Monday, March 13, 2006

Poppy Filling for Homentashn

Monet Poppy Field at Giverny Boston MFA

Poppy, or mon, or mun, according to most Yiddish culinary lexicographers, is the filling from which it seems likely that “homentashn” take their name, in which case they were originally “montashn” or “poppy pockets.” The name presumably got Purimized later on.
After I have ground the poppy seeds with the lemon and orange zest, but before I have mixed them with the other ingredients, I set aside ¼ cup of the seeds to mix with the dough, so you know what’s inside. Jennie Grosinger’s yeast dough recipe is ideal for this filling. It is a very rich khale (challah) or brioche-type dough.

Poppy Filling for Homentashn
1 pound poppy seeds (about 2 cups)
zest from one lemon, organic and unwaxed, if possible
zest from one orange, organic and unwaxed, if possible
1 cup milk, possibly a bit more if the mixture is too dry
1 cup bamboo honey or other dark honey
one cup raisins, plumped overnight in some water (or dark rum). By all means, leave these out if you loathe raisins. What on earth is it about raisins that provokes such powerful sentiments? They're just raisins.
Grind up the poppy seeds with the lemon zest in a spice grinder or coffee grinder. Put them in a saucepan with the other ingredients and cook, stirring, for about 15 minutes. Allow to cool before assembling the pastries. If you don’t have a grinder you can ask if the place where you buy the seeds can grind them for you (some health food stores will do this), or you can soak all the ingredients together overnight before cooking. Some folks think this way is even better.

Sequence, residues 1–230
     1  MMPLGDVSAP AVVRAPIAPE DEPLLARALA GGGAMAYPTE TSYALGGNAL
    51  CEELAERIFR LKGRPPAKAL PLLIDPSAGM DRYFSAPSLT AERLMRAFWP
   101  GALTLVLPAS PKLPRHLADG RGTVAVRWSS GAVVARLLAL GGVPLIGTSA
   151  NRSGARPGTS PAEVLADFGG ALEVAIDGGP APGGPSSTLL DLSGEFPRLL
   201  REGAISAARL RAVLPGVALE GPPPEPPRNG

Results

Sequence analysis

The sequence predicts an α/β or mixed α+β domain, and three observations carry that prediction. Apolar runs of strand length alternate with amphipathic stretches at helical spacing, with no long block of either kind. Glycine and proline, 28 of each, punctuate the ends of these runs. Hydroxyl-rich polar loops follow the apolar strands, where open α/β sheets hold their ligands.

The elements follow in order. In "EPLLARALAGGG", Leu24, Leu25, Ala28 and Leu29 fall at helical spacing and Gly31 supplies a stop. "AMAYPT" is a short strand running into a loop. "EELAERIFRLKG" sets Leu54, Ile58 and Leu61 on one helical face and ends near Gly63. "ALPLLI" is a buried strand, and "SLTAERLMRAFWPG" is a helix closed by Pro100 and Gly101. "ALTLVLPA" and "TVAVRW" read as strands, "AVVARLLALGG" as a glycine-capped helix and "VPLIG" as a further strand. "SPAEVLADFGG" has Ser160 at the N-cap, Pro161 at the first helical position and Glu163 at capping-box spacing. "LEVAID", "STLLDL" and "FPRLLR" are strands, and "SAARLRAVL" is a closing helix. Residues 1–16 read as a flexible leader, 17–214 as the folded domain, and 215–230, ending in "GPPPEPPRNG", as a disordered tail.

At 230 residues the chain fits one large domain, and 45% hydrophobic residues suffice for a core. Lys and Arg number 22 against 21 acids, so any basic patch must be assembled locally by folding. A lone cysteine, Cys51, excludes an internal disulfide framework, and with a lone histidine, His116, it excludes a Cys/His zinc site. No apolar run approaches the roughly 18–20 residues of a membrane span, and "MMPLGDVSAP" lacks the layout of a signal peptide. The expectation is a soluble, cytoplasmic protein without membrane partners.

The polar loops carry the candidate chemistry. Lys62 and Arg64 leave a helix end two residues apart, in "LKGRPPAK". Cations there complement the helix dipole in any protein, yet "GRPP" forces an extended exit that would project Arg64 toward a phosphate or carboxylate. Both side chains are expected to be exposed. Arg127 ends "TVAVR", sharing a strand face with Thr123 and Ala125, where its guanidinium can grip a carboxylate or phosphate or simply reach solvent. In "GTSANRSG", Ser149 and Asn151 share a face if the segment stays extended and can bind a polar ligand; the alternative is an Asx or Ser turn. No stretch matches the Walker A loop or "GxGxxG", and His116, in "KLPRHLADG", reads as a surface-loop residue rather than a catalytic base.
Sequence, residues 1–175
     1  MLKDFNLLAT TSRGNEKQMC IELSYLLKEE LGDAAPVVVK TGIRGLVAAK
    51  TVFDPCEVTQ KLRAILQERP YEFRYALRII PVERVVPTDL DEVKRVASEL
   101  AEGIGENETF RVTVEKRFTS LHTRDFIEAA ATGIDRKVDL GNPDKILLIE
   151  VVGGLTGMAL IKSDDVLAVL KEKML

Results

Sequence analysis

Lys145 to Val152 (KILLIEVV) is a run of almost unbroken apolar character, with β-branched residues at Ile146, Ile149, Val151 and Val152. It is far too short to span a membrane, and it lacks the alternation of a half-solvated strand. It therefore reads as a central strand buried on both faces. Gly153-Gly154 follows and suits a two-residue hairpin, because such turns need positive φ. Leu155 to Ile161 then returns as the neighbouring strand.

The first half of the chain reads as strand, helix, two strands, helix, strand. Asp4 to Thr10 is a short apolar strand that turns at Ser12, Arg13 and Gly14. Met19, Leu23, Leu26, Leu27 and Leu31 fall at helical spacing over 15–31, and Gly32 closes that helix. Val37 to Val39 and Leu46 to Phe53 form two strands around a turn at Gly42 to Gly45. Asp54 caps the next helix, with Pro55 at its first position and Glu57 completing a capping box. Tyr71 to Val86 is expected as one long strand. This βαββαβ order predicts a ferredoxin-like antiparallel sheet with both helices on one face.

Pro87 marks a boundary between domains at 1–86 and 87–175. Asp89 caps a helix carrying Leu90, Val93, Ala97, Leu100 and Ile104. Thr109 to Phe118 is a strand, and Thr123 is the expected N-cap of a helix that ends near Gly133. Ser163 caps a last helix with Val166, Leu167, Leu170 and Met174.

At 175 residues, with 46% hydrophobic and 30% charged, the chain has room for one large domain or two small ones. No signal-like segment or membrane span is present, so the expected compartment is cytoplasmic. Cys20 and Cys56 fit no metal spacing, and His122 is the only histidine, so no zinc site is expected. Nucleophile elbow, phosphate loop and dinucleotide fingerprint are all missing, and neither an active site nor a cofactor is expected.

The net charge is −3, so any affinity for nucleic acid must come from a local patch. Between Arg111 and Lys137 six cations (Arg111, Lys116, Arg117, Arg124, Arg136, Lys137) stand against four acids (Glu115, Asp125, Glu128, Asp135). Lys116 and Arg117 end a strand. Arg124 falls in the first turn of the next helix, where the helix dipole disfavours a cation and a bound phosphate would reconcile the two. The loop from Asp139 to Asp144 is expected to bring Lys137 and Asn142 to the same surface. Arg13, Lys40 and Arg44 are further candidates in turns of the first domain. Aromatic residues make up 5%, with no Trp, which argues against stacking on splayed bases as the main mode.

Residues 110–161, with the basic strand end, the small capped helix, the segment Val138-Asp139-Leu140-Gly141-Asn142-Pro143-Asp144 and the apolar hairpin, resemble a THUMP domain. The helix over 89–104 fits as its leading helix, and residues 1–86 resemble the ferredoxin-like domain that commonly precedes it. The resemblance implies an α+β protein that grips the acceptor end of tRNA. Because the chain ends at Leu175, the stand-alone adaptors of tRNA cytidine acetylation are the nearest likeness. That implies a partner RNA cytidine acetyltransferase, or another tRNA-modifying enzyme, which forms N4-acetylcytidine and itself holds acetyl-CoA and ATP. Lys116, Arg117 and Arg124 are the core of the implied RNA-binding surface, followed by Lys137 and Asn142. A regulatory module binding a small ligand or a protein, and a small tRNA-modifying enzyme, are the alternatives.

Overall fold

איז מײַן נשמה דען אַ ראָזשינקע?
I just remembered the Yiddish expression "iz mayn neshome den a rozshinke?" or "Is my soul a raisin?" which someone might say if he or she had been treated with hurtful unkindness or disrespect. I've always thought this expression was devastatingly eloquent, because the injured party is not claiming that one should have been treated better because of some imagined importance, but because one's soul is not, after all, a raisin.

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Anonymous Anonymous said...

i searched for recipes for mon and this popped up. i made this with silwan for a yummy twist.


9:26 AM  
Anonymous Anonymous said...

My family never, ever cooked with raisins. I don't know if it is a Litvak thing. We never made a sweet kugel and I still don't like it. A good milchadik kugel does not have to be sweet and never contained raisin.

6:35 PM  

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